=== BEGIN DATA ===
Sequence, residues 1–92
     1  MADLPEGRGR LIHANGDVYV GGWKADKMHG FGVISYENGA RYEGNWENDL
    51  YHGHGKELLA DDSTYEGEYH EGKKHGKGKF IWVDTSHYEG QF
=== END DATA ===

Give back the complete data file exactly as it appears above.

Sequence, residues 1–92
     1  MADLPEGRGR LIHANGDVYV GGWKADKMHG FGVISYENGA RYEGNWENDL
    51  YHGHGKELLA DDSTYEGEYH EGKKHGKGKF IWVDTSHYEG QF